Resource Management

Resource Management

Management efforts focus on colonial nesting seabirds on off-shore islands. The refuge works with many conservation partners to provide long-term protection for seabird, wading bird, and eagle nesting islands through an active land acquisition program. Seabird restoration efforts involve predator control, censusing, monitoring, and habitat manipulation. Mainland management programs include prescribed burning and mowing on 65 acres of Refuge fields and maintaining 112 acres of wetlands in three freshwater impoundments.


Trapping Occurs on this Refuge.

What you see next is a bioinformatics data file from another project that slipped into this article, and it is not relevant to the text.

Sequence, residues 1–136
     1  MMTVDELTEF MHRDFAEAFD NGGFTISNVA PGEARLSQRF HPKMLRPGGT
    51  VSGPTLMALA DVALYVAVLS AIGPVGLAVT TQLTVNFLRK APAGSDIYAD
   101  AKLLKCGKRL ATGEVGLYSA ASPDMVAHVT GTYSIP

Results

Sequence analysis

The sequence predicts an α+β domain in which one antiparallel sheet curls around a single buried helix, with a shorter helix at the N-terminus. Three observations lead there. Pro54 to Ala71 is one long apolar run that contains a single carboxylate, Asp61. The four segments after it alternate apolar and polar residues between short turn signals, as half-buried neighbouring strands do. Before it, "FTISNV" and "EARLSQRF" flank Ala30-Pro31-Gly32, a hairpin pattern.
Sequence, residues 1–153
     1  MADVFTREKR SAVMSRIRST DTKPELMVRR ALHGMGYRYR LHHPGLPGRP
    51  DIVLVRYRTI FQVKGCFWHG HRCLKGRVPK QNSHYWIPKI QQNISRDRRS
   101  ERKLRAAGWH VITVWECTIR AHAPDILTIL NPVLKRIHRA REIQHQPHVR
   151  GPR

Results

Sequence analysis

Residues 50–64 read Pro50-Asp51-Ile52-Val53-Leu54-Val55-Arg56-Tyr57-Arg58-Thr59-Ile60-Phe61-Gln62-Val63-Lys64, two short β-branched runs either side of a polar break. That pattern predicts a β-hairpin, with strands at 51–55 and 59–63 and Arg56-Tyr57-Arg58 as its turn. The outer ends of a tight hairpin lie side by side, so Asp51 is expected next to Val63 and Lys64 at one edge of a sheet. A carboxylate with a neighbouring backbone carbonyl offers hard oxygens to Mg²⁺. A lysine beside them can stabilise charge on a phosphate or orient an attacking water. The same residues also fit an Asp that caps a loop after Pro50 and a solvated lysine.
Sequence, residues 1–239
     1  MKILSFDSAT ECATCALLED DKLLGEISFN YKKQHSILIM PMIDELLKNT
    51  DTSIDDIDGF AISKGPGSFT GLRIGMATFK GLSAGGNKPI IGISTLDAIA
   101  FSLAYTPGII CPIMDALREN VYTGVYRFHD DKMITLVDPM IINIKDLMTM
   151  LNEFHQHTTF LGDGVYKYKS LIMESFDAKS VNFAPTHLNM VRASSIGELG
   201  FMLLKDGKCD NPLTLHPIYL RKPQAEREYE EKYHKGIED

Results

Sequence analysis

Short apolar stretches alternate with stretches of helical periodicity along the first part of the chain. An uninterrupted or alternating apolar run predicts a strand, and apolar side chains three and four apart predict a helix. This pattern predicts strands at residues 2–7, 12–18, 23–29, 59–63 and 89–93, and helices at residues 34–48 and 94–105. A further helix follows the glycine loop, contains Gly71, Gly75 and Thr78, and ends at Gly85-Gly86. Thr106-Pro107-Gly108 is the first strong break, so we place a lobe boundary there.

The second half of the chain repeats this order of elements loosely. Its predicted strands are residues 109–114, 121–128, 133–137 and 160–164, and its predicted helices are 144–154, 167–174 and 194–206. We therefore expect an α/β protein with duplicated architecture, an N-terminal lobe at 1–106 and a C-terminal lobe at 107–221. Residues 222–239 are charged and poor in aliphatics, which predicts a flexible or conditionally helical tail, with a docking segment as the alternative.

Trapping is a wildlife management tool used on some national wildlife refuges. Trapping may be used to protect endangered and threatened species or migratory birds or to control certain wildlife populations. The U.S. Fish and Wildlife Service also views trapping as a legitimate recreational and economic activity when there are harvestable surpluses of fur-bearing mammals. Outside of Alaska, refuges that permit trapping as a recreational use may require trappers to obtain a refuge special use permit. Signs are posted on refuges where trapping occurs. Contact the refuge manager for specific regulations. Click here for more information.